Entries from May 2008 ↓

Google calculator for backyard astronomy

So at lunch we were idly wondering whether the Hubble Telescope could resolve the Mars lander Phoenix.

The resolution of the HST is approximately 0.1 arcseconds.

The time delay to the Mars lander is 15 minutes.

So Google: “0.1 arcseconds * 15 light minutes” and the answer is 130.8 km…hence the lander is not resolvable at that distance (coulda guessed that).

Another one of my favourites is: “1 sidereal day in seconds”.

Web-Oriented SOA

A little while ago I expressed my dislike for the term WOA on the grounds that it refers to a style of SOA and my feeling that new TLAs just lead to more confusion. Its good to see the ZapThink guys are in full agreement and state their case in their trademark inimitable style.

While the WOA concept does indeed provide deeper insights into how to best implement a Service and create an infrastructural approach for scaling Services, we simply don’t see a need to identify this as a truly separate architectural approach…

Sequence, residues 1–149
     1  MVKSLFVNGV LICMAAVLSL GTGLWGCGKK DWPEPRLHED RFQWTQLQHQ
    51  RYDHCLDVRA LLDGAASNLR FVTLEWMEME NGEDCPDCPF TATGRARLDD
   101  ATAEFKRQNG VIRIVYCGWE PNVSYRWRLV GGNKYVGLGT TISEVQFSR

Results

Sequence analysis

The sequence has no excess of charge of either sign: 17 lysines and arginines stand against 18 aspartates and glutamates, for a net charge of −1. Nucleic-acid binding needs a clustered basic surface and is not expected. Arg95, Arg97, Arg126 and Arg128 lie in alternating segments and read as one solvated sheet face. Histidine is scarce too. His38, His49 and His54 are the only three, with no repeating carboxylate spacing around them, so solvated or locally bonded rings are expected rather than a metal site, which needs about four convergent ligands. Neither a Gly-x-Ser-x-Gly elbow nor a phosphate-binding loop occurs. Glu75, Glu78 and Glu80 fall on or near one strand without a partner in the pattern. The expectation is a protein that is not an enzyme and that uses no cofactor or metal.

ZapThink believes that the term Web-Oriented SOA represents greater clarity than WOA, since it disambiguates the desire to position WOA as an alternative to SOA as well as more accurately positions the concept at a lower level of abstraction than the SOA concept. Going forward, hence, we will prefer the term Web-Oriented SOA over WOA, since it provides greater clarity. And clarity is exactly what companies today need to make SOA a reality.

My emphasis added – hear hear!

But I still have a problem with this terminology. It doesn’t exactly roll off the tongue and the use of “oriented” twice in the same term is really ugly. Moreover, we’re still mixing two levels of abstraction into the same term.